Europol says along with personal protection gear, criminals are selling fake pharmaceuticals such as the malaria medication chloroquine.
LONDON — A round of applause for emergency workers prompted some criticism of London’s Metropolitan Police when social media images showed officers and members of the public ignoring rules of social distancing.
The tribute featured blinking blue lights from police cars lined up on central London’s Westminster Bridge to thank the National Health Service and other frontline workers.
Images shared on social media showed people leaning over the bridge beside one another and milling around while clapping.
The police say, “while many people adhered to social distancing guidance, it appears that some did not.’’
The service says it regularly reminds “our officers of the importance of social distancing where practical and will continue do so.’’
TOKYO — Japan’s Prime Minister Shinzo Abe says more social distancing is still needed after he declared a state of emergency in Tokyo and other urban areas 10 days ago.
Abe expanded the monthlong state of emergency to all of Japan on Thursday in a bid to reduce movement of people ahead of “golden week” holidays. Abe says Tokyo set a record of 201 daily increase of cases for a total of almost 3,000, calling the situation “severe.”
He says social interactions were reduced by 60% in downtown Tokyo and 70% in Osaka but fell short of an 80% target needed to slow the spread to a manageable level.
Japan has about 9,900 cases and 160 deaths.
BEIJING — China is accusing the U.S. administration of attempting to shift the focus from its own defects in dealing with coronavirus by talking-up a theory that the global pandemic was started by a pathogen that escaped from a Chinese laboratory.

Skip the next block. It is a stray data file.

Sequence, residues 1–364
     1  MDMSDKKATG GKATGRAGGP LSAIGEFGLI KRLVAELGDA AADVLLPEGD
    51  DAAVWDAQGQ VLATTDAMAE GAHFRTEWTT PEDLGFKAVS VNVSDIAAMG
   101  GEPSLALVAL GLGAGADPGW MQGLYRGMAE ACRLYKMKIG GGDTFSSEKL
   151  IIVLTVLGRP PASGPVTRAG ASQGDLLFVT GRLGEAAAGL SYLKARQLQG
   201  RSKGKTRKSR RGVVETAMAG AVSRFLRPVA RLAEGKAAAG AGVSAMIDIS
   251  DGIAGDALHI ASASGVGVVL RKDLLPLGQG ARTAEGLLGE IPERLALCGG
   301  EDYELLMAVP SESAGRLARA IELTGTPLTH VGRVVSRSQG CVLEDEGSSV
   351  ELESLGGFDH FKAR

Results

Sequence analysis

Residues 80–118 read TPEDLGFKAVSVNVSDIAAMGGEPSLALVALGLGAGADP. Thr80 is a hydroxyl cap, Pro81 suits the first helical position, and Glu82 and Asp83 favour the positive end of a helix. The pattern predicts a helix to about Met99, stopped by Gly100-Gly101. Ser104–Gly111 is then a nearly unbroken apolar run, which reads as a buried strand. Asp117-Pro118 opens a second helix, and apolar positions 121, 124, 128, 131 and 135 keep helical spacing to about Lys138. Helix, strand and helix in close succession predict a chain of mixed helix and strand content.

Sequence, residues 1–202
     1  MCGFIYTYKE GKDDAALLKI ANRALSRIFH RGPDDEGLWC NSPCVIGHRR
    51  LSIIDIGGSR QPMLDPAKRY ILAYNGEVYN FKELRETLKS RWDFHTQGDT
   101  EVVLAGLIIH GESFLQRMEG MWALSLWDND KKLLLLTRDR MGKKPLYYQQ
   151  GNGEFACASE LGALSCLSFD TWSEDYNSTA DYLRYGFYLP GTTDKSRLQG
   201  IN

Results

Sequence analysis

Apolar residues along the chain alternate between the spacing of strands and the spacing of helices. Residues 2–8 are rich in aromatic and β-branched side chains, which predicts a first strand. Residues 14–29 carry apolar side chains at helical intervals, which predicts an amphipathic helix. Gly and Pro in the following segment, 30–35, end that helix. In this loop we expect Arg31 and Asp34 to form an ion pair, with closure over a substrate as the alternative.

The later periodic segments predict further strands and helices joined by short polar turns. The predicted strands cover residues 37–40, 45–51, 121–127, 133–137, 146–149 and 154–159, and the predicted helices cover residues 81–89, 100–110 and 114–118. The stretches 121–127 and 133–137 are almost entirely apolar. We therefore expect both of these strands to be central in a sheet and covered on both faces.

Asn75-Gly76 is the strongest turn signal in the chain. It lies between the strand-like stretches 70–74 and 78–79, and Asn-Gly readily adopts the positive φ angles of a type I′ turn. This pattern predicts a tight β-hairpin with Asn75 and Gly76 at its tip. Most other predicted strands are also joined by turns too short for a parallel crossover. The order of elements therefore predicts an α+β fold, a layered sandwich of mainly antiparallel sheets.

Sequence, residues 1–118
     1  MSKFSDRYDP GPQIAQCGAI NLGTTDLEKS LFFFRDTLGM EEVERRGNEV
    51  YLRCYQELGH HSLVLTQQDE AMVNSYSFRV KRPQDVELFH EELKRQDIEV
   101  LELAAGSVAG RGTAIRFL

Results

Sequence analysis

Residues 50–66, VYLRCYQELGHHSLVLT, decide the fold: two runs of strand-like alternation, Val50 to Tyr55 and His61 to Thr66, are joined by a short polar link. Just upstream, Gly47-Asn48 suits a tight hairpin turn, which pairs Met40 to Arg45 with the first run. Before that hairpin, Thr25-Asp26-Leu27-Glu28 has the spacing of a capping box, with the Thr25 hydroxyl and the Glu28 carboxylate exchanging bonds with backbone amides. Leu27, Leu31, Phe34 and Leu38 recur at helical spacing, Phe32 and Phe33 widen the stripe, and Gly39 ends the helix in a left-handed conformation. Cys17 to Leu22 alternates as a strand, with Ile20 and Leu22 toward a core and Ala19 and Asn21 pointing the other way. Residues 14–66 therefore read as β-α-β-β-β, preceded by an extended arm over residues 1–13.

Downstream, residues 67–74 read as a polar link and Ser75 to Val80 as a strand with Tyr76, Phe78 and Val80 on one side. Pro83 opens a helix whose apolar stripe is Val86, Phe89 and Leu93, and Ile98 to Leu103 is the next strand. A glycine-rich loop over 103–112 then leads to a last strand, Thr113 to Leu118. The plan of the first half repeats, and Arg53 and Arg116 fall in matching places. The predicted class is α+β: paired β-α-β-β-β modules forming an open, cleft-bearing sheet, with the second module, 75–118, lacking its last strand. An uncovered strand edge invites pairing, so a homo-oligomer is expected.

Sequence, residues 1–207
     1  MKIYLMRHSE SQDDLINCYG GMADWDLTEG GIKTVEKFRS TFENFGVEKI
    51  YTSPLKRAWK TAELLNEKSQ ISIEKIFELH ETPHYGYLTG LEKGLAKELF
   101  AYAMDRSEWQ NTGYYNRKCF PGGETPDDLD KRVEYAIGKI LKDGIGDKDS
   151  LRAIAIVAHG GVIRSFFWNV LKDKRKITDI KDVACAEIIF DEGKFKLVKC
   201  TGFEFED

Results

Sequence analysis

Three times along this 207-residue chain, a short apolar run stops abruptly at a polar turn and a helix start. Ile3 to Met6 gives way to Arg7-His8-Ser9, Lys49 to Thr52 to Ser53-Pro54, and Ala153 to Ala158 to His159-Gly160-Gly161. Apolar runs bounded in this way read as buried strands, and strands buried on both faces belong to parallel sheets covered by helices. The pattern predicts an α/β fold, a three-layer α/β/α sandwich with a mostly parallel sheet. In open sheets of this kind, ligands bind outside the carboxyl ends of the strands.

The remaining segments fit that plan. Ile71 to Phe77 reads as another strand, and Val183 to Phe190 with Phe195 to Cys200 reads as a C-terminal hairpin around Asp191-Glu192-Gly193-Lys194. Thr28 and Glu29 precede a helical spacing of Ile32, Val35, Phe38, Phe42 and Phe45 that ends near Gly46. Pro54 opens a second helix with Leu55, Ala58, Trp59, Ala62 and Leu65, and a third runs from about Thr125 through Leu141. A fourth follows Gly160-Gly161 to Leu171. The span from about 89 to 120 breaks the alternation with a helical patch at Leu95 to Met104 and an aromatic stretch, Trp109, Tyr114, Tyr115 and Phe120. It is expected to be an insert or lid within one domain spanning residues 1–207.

“Anyone discerning can tell at a glance that the purpose of the U.S. is simply to confuse the public, divert attention, and shirk responsibility,” Foreign Ministry spokesman Zhao Lijian told reporters at a daily briefing on Friday. “We have said many times that tracing of the virus’ origin is a serious scientific issue and requires scientific and professional assessment.”
Officials including President Donald Trump and Secretary of State Mike Pompeo have suggested the lab theory may be valid, with Pompeo saying, “The mere fact that we don’t know the answers — that China hasn’t shared the answers — I think is very, very telling.”
Scientists say the virus arose naturally in bats. They say the leading theory is that infection among humans began at an animal market in Wuhan, China, probably from an animal that got the virus from a bat.
The Wuhan Institute of Virology specializes in research on animal-to-human transmission of such viruses but there is no evidence to backup the theory that the virus came from the lab.